The boxwood headjoint in the middle of this picture is made for a flute d’amore, or flute d’amour. It is slightly bigger than the concert flute headjoint and smaller than the grenadilla alto headjoint. The flute d’amore is not well known; it is in the key of either A or Bb. The sound has characteristics of both the alto and the C-flute. I find it to be more similar to a C-flute but having a great vocal quality that is so difficult to achieve and highly desirable on a C-flute. Unlike the alto flute, a full three-octave range is available on the flute d’amore without any compromise. The low notes are stronger and the high notes require less holding back than the C-flute. The three registers are very evenly distributed especially concerning articulations and volume.
Trevor Wye’s CD “Flute Recital” utilized the flute d’amore. Many jazz flute players and recording artists also favor its singing quality. I have arranged Beethoven’s String Quartets for 2 flutes, flute d’amore and alto flute. The d’amore flute takes the part of the viola. It is very comfortable to play in the lower range of the instrument while the C-flute can sometimes sound forced or spread.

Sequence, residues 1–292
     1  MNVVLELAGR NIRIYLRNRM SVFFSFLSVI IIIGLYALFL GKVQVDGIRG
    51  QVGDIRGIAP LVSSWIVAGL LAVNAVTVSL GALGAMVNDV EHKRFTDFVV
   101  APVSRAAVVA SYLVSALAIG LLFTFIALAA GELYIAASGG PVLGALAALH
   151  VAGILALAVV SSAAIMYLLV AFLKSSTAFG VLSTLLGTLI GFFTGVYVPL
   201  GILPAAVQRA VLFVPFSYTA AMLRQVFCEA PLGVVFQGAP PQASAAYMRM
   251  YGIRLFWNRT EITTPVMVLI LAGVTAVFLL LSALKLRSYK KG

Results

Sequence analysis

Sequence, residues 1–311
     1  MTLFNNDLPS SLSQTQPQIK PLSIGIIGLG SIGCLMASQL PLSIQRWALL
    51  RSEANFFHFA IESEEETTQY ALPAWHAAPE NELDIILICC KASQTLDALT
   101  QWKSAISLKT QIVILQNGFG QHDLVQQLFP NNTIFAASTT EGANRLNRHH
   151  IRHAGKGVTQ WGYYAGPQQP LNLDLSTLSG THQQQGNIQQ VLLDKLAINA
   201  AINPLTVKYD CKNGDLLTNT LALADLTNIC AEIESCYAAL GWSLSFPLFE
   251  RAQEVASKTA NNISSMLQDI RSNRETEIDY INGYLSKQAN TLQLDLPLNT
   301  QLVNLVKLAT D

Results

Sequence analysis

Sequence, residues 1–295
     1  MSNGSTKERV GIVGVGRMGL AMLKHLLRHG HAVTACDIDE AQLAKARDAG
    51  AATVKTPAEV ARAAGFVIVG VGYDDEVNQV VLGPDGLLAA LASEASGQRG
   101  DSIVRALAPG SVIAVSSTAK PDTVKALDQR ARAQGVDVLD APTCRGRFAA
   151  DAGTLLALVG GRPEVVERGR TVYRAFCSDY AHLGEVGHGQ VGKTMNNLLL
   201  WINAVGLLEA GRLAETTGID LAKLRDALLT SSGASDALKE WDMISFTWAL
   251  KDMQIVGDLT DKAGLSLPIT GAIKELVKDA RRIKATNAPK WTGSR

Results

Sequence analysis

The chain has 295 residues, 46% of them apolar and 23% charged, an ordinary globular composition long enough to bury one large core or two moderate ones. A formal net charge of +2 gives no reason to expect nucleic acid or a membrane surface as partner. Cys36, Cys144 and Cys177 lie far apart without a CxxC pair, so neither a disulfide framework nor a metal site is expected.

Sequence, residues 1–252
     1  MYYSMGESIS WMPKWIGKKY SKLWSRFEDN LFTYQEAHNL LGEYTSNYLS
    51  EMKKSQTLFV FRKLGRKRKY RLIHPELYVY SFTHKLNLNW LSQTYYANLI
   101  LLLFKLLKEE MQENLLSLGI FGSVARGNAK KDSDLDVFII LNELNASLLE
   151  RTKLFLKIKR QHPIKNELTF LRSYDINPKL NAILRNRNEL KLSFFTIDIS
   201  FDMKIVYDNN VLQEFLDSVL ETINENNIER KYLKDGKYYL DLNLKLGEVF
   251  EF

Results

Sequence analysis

One of the earliest d’amore flutes with Boehm system was made by Djalma-Julliot; Gaubert performed on it at the 1900 Paris World Fair. The instrument he played was referred to as the bass flute in A. The company was only awarded a silver medal that year while Louis Lot and Bonneville both won gold medals. In spite of the number of flutes produced, it is rare to see good examples of Djalma-Julliot’s instrument in the United States.
The Eb flute is a minor third higher than the C-flute. It looks more like a miniature flute than a piccolo. The small size makes it very easy to hold; long phrases that are difficult to complete on the C-flute are a breeze on the Eb. The sound is unique and expressive.
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